FGFR-Related Craniosynostosis Syndromes

Syndromes Associated with Craniosynostosis

Craniosynostosis, a premature fusion or delayed growth of sutures that hold together the bony plates of the infant skull as it grows, usually occurs alone, without the involvement of other disorders. However, syndromic craniosynostosis is a more complex group of syndromes. Along with typical skull growth and shape issues, these inherited syndromes are caused by gene mutations.

The eight disorders comprising the FGFR-related craniosynostosis spectrum include (but not limited to):

  • Apert – A chromosome 10 gene mutation, and one of two most common associated syndromes Also involves syndactaly (webbing) of the hands and feet. Apert syndrome occurs in approximately 1 in 100,000 births, rarely genetic. While symptoms of Apert & Crouzon are similar, Apert presents with less variability between cases and deformities are more severe.
  • Crouzon – The most common of the craniosynostosis syndromes Both Apert and Crouzon result from the fusion of the bicoronal suture which goes from ear to ear on the top of the head and down both sides of the skull, resulting in a very flat, recessed forehead. Crouzon syndrome occurs in approximately 1 in 25,000 births, sometimes genetic. Severity can range from mild, with subtle midface characteristics, to severe, with multiple cranial sutures fused and striking midface and eye problems.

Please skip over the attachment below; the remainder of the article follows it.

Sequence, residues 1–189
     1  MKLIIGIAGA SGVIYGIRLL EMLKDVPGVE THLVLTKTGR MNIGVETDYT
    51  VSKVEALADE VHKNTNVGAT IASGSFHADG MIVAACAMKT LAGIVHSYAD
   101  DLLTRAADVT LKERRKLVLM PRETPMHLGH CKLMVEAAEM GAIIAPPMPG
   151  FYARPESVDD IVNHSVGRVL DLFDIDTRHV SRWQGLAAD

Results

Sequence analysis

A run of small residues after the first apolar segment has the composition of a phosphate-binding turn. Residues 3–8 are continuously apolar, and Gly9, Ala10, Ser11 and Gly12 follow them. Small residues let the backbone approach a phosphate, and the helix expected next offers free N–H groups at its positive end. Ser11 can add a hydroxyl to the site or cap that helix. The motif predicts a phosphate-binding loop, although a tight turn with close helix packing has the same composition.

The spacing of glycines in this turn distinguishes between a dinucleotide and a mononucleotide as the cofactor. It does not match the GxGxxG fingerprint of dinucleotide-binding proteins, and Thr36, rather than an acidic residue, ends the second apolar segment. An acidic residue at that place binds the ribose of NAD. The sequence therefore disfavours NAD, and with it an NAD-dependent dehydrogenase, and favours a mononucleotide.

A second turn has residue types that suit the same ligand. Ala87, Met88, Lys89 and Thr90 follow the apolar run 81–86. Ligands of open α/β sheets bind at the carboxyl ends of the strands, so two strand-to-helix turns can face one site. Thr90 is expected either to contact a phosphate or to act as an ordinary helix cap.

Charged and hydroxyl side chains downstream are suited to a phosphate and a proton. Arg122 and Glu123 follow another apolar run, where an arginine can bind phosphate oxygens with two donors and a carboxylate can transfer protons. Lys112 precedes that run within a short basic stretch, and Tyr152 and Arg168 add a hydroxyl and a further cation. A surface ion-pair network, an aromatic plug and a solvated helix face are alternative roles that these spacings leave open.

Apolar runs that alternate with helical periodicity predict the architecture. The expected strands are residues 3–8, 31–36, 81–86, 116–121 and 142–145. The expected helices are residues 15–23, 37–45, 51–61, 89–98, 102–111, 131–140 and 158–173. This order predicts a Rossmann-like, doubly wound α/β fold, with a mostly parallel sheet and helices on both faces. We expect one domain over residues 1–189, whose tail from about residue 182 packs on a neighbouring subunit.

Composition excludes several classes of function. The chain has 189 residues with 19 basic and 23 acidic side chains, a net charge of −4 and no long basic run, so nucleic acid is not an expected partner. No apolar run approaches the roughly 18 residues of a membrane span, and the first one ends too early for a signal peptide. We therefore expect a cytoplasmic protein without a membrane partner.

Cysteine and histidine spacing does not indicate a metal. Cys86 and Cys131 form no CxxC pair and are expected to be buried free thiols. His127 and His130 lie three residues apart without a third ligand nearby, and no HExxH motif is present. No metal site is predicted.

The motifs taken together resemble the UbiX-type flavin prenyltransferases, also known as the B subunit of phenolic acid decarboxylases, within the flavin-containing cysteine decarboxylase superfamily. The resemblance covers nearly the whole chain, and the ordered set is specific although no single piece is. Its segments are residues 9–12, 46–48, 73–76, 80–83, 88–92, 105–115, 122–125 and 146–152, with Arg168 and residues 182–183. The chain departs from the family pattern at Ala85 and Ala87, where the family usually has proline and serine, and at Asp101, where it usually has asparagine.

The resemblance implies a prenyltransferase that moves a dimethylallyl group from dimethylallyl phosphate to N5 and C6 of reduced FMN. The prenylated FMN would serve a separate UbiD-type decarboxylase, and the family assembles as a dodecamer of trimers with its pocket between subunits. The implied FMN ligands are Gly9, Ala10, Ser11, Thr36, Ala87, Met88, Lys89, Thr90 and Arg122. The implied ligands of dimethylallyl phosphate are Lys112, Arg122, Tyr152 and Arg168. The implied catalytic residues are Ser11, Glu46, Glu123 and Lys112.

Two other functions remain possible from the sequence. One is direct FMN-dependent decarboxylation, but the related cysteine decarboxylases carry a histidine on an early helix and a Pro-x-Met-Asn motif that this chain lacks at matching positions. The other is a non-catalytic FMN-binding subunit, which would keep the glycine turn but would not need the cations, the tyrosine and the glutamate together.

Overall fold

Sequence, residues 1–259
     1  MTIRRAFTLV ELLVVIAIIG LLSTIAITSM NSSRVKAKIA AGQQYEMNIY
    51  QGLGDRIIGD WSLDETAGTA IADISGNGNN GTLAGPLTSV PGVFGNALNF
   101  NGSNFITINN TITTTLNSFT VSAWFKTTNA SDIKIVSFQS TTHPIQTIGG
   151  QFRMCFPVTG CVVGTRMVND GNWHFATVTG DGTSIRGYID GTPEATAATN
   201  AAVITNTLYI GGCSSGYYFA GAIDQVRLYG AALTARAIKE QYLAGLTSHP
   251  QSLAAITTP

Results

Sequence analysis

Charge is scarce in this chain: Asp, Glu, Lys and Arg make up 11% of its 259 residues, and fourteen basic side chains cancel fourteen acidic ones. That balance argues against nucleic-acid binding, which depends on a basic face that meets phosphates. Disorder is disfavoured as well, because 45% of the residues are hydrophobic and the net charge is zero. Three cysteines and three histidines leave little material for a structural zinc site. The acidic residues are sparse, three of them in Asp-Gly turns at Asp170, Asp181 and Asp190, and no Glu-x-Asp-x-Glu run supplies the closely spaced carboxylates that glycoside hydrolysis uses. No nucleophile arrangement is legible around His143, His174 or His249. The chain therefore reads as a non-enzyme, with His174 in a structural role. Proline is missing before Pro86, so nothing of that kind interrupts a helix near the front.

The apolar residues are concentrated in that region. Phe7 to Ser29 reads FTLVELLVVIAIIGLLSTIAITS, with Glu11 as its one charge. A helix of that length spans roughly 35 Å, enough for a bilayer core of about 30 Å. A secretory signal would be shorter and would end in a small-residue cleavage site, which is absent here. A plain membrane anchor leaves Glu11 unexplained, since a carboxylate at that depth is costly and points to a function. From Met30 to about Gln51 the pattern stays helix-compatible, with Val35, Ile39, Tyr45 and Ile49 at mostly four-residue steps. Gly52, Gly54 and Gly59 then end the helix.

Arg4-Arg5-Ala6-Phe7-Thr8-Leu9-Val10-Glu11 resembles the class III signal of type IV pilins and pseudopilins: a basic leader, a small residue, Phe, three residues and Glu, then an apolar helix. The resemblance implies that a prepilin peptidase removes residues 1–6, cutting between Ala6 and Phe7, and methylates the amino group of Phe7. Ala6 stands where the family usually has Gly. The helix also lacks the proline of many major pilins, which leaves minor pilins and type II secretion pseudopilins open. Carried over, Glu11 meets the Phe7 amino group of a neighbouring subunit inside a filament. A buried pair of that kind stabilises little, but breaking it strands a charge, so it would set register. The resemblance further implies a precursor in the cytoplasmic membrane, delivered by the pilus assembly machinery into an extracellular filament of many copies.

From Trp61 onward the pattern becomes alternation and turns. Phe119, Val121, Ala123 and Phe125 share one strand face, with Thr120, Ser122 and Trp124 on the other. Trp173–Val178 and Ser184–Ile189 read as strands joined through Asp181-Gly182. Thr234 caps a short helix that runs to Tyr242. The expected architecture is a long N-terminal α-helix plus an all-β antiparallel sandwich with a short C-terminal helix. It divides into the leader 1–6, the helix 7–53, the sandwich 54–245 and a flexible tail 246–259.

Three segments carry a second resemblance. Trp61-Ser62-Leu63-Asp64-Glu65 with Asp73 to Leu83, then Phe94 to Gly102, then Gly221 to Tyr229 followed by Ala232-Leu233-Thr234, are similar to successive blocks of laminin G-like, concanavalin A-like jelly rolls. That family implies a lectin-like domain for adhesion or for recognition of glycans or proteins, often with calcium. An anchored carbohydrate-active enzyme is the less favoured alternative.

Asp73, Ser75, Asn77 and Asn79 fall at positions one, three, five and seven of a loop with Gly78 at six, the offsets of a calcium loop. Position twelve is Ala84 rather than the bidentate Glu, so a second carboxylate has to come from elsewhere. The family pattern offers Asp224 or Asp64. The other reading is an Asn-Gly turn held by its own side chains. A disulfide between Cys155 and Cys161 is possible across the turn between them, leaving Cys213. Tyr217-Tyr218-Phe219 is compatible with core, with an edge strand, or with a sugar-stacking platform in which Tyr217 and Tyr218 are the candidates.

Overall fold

• Beare-Stevenson syndrome
  • Pfeiffer – Also affects the growth of the hands and feet
  • FGFR2-related isolated coronal synostosis
  • Carpenter – Extremely rare; affects growth of skull, fingers, and toes
  • Jackson-Weiss syndrome
  • Muenke syndrome and FGFR2-related isolated coronal synostosis are characterized only by uni- or bicoronal craniosynostosis; the remainder are characterized by bicoronal craniosynostosis or cloverleaf skull, distinctive facial features, and variable hand and foot findings.

Children with craniosynostosis may also have fusion of the cranial base and midface sutures, and shallow eye sockets, causing a flat midface appearance and protruding eyes.

Treatment for these syndromes requires different or additional surgical techniques, as compared to single-defect craniosynostosis.

There are a number of associated syndromes not listed here. For more information contact info@cappskids.org.